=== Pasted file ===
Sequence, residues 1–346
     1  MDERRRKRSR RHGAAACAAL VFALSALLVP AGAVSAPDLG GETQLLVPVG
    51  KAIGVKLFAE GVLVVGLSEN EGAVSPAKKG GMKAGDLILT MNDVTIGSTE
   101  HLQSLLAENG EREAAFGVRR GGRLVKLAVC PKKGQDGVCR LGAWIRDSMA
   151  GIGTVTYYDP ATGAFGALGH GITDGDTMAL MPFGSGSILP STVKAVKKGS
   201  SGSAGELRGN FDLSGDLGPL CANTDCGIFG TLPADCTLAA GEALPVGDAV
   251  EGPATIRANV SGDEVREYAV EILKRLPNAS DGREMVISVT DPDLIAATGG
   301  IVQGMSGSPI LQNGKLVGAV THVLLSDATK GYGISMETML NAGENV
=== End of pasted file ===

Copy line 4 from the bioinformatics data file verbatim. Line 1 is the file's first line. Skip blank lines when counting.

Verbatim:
   101  HLQSLLAENG EREAAFGVRR GGRLVKLAVC PKKGQDGVCR LGAWIRDSMA